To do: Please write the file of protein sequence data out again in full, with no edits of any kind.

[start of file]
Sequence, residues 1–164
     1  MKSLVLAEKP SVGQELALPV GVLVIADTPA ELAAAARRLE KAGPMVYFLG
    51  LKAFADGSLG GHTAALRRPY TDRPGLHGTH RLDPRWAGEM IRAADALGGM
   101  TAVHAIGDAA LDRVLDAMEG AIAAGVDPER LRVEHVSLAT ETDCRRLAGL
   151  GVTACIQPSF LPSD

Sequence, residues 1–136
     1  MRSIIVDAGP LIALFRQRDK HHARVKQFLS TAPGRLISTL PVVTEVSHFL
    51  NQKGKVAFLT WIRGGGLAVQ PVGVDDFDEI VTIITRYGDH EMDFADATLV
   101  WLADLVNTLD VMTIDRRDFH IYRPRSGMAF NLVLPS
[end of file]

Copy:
Sequence, residues 1–164
     1  MKSLVLAEKP SVGQELALPV GVLVIADTPA ELAAAARRLE KAGPMVYFLG
    51  LKAFADGSLG GHTAALRRPY TDRPGLHGTH RLDPRWAGEM IRAADALGGM
   101  TAVHAIGDAA LDRVLDAMEG AIAAGVDPER LRVEHVSLAT ETDCRRLAGL
   151  GVTACIQPSF LPSD

Sequence, residues 1–136
     1  MRSIIVDAGP LIALFRQRDK HHARVKQFLS TAPGRLISTL PVVTEVSHFL
    51  NQKGKVAFLT WIRGGGLAVQ PVGVDDFDEI VTIITRYGDH EMDFADATLV
   101  WLADLVNTLD VMTIDRRDFH IYRPRSGMAF NLVLPS